A possible explanation has been put forward by Professor Bruce Charlton, Editor-in-Chief of Medical Hypotheses; Emeritus Professor of Public Policy at the University of California and Reader in Evolutionary Psychiatry at the University of Newcastle (UK).

Charlton is well-known for his campaign to breathe new life into academic medicine in order to capture issues that matter to patients and which would make a difference to their lives.

In a compelling Editorial (Zombie science: A sinister consequence of evaluating scientific theories purely on the basis of enlightened self-interest. Medical Hypotheses, 26th July 2008) Charlton debunks the ideal of impartial and objective science. The following quotations apply with particular resonance to the current ME/CFS situation in the UK:

“In the real world it looks like most scientists are quite willing to pursue wrong ideas – so long as they are rewarded for doing so with a better chance of achieving more grants, publications and status”.

“This is ‘enlightened self-interest’ a powerful factor in scientific evaluation because the primary criterion of the ‘validity’ of a theory is whether or not acting upon it will benefit the career of the scientist; ‘enlightened’ because the canny career scientist will be looking ahead a few years in order to prefer that theory which offers the best prospect of netting the next grant, tenure, promotion or prestigious job opportunity”.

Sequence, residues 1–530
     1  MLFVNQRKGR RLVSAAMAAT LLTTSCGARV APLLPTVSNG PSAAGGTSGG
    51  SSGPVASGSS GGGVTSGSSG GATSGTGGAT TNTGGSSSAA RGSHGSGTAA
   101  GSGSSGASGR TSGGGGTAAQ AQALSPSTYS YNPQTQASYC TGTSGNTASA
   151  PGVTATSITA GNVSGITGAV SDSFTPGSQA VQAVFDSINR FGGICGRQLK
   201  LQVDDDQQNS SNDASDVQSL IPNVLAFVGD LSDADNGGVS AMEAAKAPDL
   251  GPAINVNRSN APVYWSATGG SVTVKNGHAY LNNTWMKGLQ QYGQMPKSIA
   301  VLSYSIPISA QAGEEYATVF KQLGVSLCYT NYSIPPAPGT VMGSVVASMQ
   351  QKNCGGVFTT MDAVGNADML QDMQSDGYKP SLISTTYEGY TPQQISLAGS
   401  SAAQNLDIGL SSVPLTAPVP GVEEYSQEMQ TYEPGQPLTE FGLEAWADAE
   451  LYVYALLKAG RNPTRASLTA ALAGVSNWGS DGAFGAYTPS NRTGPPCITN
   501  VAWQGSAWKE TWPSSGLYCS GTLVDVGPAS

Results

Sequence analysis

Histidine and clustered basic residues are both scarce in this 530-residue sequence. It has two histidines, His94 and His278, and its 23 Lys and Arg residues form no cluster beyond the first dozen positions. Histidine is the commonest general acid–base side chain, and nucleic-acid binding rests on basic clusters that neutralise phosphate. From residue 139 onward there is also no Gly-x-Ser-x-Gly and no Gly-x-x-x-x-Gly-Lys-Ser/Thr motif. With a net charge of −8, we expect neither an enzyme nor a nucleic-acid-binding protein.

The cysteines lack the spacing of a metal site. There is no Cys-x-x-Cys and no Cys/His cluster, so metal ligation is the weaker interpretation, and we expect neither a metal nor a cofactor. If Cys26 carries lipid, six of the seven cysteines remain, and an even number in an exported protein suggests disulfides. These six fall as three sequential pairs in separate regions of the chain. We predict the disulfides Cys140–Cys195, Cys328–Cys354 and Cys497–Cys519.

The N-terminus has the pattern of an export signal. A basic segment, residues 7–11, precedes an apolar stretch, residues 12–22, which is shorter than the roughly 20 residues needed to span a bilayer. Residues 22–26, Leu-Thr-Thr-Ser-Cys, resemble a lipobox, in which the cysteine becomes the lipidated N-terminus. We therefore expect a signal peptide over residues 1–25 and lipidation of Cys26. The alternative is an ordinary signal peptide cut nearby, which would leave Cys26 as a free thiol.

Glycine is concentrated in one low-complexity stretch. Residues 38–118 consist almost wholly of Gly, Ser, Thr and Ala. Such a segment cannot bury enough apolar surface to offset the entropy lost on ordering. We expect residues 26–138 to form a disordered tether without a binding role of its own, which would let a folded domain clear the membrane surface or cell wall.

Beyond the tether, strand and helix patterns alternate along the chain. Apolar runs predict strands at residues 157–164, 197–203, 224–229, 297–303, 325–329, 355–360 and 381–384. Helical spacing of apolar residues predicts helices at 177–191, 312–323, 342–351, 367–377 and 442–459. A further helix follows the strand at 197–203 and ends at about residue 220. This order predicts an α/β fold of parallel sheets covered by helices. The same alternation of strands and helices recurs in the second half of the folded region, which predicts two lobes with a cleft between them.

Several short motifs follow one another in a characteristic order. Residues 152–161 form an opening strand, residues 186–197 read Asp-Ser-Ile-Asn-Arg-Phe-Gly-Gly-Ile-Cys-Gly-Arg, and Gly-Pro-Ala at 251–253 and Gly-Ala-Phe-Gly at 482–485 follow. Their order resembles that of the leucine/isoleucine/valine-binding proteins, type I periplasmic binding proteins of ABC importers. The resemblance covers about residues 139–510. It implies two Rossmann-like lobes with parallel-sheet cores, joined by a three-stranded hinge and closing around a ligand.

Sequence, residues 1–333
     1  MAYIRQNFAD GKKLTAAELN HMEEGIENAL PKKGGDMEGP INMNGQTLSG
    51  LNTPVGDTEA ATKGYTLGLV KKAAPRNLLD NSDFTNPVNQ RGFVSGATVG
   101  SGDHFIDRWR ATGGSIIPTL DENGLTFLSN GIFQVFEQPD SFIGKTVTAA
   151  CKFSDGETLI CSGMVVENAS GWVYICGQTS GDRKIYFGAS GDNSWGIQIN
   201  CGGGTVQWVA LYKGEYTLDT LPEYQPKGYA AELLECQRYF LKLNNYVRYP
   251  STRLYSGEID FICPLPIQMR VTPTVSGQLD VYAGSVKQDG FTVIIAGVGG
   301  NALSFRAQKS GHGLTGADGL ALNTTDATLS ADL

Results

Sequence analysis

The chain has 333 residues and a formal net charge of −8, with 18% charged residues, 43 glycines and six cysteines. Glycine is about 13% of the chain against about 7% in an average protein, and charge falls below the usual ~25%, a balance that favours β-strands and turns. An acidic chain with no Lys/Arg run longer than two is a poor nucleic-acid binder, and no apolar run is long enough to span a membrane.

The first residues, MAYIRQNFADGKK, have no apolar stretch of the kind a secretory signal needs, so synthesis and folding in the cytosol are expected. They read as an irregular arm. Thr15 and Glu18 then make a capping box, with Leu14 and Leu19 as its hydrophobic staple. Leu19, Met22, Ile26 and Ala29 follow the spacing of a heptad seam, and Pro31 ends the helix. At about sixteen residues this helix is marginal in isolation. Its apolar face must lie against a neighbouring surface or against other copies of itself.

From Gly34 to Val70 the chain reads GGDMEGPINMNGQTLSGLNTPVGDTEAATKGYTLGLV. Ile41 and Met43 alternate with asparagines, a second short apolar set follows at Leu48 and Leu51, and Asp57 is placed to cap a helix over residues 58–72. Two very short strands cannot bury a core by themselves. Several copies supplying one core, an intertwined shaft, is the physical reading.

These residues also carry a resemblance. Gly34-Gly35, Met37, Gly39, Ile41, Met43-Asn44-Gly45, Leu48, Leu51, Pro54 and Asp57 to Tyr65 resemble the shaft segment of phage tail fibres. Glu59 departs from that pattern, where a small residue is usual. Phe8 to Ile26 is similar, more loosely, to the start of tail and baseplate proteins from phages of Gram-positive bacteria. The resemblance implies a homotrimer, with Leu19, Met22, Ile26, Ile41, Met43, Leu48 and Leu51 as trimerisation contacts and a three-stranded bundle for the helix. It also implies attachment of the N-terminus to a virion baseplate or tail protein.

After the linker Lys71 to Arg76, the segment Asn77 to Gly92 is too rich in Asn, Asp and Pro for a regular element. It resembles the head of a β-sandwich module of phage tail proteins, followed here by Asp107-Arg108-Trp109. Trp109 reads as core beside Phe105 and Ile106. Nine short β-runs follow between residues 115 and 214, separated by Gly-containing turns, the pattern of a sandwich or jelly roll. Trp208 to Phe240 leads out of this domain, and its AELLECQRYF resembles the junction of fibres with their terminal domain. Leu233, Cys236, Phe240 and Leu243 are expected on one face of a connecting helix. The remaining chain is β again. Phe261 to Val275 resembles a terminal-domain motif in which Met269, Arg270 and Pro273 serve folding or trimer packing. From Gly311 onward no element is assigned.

“When a new theory is launched, it is unlikely to win converts unless (they) are rewarded with a greater chance of generous research funding, the opportunity to publish in prestigious journals and the hope of increased status exemplified by admiration and respect from other scientists”.

“Theories may become popular or even dominant purely because of their association with immediate  incentives and despite their scientific weaknesses”.

“Even the most conclusive ‘hatchet jobs’ done on phoney theories will fail to kill, or even weaken,  them when the phoney theories are backed up with sufficient economic muscle in the form of funding. Scientists will gravitate to where the money is so long as the funding stream is sufficiently deep and sustained”.

“Classical theory has it that a bogus hypothesis will be rejected when it fails to predict ‘reality’, but  (this) can be deferred almost indefinitely by the elaboration of secondary hypotheses which then require further testing (and generates more work for the bogus believers)”.

“That the first theory is phoney, and always was phoney, is regarded as simplistic, crass (and) a sign  of lack of sophistication”.